You can check out the first set of quotes I shared from Chase The Lion by clicking here. And be sure to follow me on Tumblr and Twitter, where I daily share quotes from all sorts of inspirational authors.

9 Quotes From “Of Antichrist And His Ruin”

Of Antichrist And His RuinJohn Bunyan’s works are steeped in Scripture. His thoughts about the Antichrist and other end times events are either directly taken from biblical passages, or else his line of reasoning fits perfectly with the intent of the Scriptures. You can read my full book review by clicking here. Below are some quotes I found enlightening.

“Coercion, in anything connected with religion, whether it imposes creeds, liturgies, or modes of worship, is Antichrist: whom to obey, is spiritual desolation, and if knowingly persevered in, leads to death.” —George Offor, editor

“As God therefore did put it into the hearts of the wicked kings of Babylon, to distress in His church and people for their sins; so He put it into the hearts of the kings of the Medes and Persians, who were to be, in a sense, their saviors; to ease them of those distresses, to take off the yoke, and let them go free.”

“This twenty years we have been degenerating, both as to principles, and as to practice; and have grown at last into an amazing likeness to the world, both as to religion and civil demeanor.” 

“Take heed in laying the cause of your troubles in the badness of the temper of governors. … God is the chief, and has the hearts of all, even of the worst of men, in His hand. Good tempered men have sometimes brought trouble; and bad tempered man have sometimes brought enlargement to the churches of God: Saul brought enlargement (1 Samuel 14:28). David brought trouble (2 Samuel 12:10).) Ahab brought enlargement (1 Kings 21:29). Jehoshaphat and Hezekiah did both sometimes bring trouble (2 Chronicles 19:2; 20:35; 32:25). Therefore, the good or bad tempers of men sway nothing with God in this matter; they are the sins or repentances of His people, that make the church either happy or miserable upon earth.”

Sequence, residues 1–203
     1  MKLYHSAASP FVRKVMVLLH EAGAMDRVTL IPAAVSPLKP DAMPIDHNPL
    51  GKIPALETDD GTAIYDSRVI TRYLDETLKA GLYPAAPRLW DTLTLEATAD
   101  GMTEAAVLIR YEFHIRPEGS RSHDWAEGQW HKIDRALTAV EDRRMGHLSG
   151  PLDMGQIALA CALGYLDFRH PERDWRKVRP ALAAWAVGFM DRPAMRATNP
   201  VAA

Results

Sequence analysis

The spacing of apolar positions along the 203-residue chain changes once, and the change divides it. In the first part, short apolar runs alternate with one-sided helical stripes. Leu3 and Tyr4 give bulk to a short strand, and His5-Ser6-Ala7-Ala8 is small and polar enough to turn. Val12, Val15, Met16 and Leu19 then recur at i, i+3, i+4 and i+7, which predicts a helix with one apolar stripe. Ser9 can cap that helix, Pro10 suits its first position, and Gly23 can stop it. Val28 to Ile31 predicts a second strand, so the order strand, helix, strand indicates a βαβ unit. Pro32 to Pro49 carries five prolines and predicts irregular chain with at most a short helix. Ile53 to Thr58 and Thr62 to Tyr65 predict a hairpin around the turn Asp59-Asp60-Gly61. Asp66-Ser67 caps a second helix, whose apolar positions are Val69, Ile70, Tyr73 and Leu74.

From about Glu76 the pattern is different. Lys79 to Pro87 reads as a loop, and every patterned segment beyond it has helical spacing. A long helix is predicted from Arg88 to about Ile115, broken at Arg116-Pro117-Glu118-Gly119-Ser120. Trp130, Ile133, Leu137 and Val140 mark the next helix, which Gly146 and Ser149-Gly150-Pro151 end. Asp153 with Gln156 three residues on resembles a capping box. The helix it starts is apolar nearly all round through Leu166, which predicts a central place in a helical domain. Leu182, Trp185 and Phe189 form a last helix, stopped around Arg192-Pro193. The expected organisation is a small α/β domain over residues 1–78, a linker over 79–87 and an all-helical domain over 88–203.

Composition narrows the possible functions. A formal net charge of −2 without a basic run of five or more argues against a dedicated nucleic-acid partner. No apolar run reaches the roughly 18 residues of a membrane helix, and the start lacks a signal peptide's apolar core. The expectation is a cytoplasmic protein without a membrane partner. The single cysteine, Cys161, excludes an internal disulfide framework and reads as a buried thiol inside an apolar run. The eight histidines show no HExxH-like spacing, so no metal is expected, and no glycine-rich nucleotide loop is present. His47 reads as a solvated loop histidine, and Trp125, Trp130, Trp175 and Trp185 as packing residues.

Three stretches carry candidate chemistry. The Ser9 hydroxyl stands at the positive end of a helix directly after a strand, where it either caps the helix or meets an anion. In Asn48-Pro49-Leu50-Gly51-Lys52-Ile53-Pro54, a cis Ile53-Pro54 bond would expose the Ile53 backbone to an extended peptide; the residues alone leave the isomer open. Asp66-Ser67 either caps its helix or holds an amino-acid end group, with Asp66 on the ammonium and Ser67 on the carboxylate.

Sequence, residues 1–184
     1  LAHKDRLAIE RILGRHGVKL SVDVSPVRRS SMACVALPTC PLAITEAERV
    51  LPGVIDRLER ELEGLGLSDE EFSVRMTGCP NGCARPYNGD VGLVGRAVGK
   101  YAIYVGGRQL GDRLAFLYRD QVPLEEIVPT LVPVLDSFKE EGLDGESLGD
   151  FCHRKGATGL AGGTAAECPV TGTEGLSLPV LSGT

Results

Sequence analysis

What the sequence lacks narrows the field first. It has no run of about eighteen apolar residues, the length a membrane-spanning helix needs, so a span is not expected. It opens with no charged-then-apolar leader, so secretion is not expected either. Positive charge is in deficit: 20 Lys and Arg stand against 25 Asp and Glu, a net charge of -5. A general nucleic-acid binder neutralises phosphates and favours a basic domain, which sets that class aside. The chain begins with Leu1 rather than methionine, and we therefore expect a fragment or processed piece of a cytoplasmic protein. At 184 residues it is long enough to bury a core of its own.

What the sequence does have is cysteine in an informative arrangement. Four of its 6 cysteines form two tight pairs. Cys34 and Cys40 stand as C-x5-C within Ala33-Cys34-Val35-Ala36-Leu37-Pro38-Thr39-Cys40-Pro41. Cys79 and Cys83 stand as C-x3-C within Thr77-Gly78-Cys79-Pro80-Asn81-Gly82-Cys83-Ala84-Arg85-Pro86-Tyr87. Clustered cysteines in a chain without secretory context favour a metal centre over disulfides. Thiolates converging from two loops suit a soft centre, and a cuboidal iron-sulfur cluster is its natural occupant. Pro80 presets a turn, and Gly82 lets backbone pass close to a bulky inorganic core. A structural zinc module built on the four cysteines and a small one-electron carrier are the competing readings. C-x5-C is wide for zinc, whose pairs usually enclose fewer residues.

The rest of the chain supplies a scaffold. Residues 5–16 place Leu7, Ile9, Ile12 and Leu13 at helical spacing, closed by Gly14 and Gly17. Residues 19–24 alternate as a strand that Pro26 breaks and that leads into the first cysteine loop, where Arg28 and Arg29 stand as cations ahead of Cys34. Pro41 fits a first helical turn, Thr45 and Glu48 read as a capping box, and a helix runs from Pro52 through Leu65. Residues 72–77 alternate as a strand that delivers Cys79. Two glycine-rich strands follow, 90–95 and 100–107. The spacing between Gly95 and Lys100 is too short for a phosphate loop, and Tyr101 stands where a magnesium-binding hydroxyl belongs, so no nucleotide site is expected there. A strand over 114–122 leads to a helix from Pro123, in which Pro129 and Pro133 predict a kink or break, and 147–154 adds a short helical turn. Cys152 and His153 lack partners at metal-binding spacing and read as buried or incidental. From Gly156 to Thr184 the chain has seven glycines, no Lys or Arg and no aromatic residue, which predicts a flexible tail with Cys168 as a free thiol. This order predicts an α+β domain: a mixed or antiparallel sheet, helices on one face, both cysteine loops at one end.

“Antichrist is the adversary of Christ; an adversary really, a friend pretendedly. So then, Antichrist is one that is against Christ; one that is for Christ, and one that is contrary to Him (and this is that mystery of iniquity [2 Thessalonians 2:7]). Against Him in deed; for Him in word, and contrary to Him in practice. … Christ prefereth His Father’s will above heaven and earth: Antichrist prefereth himself and his traditions above all that is written, or that is called God, or worshiped.”

“Nor can all the fallen angels, with all the members and limbs of Antichrist, cause that their brat should abide so much as one day longer than our God’s prefixed time.”

“Now, by ordinances of Antichrist, I do not intend things that only respect matters of worship in Antichrist’s kingdom, but those civil laws that impose and enforce them also; yea, that enforce that worship with pains and penalties, as in the Spanish Inquisition. … What could the king of Babylon’s golden image have done, had it not been for the burning fiery furnace that stood within view of the worshipers (Daniel 3)? Yea, what could that horrible command, to pray for thirty days to neither God nor man, but to the king, have done, had it not been for the dark den and the roaring lions therein ready to devour those that disobeyed it (Daniel 6)? … For as the furnace would have been next to nothing, if void of fire; and the den as little frightful, if destitute of lions; so these laws will be as insignificant, when Christ has slain that spirit that is in them; that spirit that causes that as many as will not worship the image of the beast, should be killed.”